Skewing Perspective to Fit the Message

My boss recently shared how happy she was to get a “twofer” by hiring me: She gets a marketing professional who also happens to be a photographer.  I’ve been thinking about how best to use my skills to integrate our messaging into every aspect of our visual marketing. I got a chance to experiment with the concept this week, when I attended one day of the School Food Initiative’s week-long Culinary Boot Camp.

At Boot Camp, local food service workers learn how to transform their school cafeterias from “heat-and-serve” to cooked-from-scratch environments, providing healthier, less commercially processed foods – usually far more economically.

Our foundation prides itself on our entrepreneurial heritage. We were founded by Paul Orfalea, the man that grew Kinko’s from a single, 150 square foot shop into a two billion dollar chain. We don’t just make grants to prop up the status quo; rather, we create initiatives like School Food to take action on problems that can be solved NOW. We like to say we’re changing the way philanthropy changes the world. We look at things differently, and I thought about that while making photos at Boot Camp.

I don’t know if this experiment will pan out, but currently, our website and brochures feature pretty standard commercial photography – everything looks just right. But if we look at things differently and take action, maybe our images should look a little skewed, conveying a sense of motion and energy.  Maybe.  Here are some of my experiments.

During Boot Camp, some attendees arrive early each day to prepare breakfast for the full group. This composition is supposed to emphasize the delicious looking scones while also noting the professional looking (because they are professionals) team in the background. Ultimately, it’s the food that counts, because if kids won’t eat the healthier food we prepare, then the School Food Initiative is for naught.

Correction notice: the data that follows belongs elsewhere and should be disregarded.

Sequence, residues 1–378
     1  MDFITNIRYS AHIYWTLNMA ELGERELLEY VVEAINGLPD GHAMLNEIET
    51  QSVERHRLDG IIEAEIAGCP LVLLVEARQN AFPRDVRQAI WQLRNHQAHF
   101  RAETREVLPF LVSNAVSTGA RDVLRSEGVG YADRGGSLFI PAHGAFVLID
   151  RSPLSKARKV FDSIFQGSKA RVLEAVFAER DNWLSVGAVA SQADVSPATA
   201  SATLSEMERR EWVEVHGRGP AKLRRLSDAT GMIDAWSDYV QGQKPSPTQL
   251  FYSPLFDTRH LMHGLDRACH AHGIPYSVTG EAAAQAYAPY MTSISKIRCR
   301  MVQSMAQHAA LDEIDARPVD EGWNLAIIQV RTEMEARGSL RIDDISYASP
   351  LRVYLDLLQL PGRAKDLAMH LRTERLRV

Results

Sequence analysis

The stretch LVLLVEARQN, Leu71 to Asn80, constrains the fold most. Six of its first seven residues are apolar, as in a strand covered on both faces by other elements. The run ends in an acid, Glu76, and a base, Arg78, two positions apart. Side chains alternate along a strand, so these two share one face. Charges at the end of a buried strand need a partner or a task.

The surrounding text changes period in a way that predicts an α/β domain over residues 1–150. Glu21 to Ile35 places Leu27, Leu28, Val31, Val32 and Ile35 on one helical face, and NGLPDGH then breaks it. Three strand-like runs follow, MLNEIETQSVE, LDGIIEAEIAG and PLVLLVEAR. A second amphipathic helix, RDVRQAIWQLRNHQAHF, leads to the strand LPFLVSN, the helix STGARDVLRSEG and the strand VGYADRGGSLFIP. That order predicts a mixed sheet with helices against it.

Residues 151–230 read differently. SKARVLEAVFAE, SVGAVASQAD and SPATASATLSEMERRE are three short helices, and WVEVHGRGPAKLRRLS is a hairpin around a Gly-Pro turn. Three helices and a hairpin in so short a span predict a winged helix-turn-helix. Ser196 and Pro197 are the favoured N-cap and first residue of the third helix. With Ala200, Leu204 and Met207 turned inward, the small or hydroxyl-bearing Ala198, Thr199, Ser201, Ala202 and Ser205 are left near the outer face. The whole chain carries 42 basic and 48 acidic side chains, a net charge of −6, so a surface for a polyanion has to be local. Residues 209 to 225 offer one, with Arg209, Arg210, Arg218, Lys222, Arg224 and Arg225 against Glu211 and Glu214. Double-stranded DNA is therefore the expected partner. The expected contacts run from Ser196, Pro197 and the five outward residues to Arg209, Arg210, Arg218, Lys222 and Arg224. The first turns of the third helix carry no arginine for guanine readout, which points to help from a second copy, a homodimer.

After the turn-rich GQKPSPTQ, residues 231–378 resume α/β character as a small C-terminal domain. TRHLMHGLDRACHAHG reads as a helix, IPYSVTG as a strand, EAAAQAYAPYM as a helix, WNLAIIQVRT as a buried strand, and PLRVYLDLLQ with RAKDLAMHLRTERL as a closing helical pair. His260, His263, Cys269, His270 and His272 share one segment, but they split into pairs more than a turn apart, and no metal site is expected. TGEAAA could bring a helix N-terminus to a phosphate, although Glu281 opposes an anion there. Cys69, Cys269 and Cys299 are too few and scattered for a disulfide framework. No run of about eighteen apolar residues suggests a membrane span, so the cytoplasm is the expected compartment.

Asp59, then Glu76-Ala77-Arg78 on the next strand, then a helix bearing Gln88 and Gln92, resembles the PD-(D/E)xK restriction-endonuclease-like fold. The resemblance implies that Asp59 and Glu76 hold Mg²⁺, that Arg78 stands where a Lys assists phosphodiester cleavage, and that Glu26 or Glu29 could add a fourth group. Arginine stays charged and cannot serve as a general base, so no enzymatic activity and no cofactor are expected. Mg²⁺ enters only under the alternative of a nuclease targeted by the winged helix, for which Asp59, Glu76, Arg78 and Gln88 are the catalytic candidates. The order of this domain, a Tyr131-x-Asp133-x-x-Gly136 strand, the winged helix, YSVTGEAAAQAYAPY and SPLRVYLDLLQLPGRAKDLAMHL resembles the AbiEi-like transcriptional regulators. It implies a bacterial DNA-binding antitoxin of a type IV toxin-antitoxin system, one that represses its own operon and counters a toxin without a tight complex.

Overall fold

Chef Instructor Claud Mann shows how a breakfast burrito assembly line speeds completion of the task.

Timers, scales and thermometers are critical tools for cooking from scratch. The Boot Camp participants are pushed hard all week, and I was impressed by their focus as they learned new tools and techniques.

The School Food Mobile Chef Instructors push the students hard, yet maintain a fun and friendly environment. Can you tell how many ways the camera is tilted, or do you mainly notice the smiles?

Speaking of smiles, I didn’t tilt all of the images, because the technique does not always suit the image. I like this one because it shows the absolute focus of the students as they handle raw chicken, and the natural joy Melissa Bishop derives from the camaraderie of her School Food team.

As I work on the visual style for our marketing materials, I’ll try to refine ideas like this, looking for unusual angles and perspectives.

And just in case you’ve come to believe that Culinary Boot Camp is all fun and games, here is a reminder that one should not cross Chef Naomi!

As I develop the visual style for School Food and our other initiatives, I’ll continue to experiment with tighter, more skewed compositions that emphasize key messages. In this case, their gazes should direct your eye to the thermometer. Too bad it’s a yellow thermometer…

Perhaps the best part of my new job, other than working for a philanthropic foundation that’s trying hard to make the world a better place, is that in order to craft perfect images for the School Food Initiative, I’m going to have to attend a lot of Boot Camps. When’s lunch?


Filed under Composition, Motivation

2 responses to “Skewing Perspective to Fit the Message

  1. myrna Cambianica

    absolutely great photos dean … the foundation is indeed lucky to get a “twofer”

  2. Nice Joie de vivre. That’s french for nice pictures.

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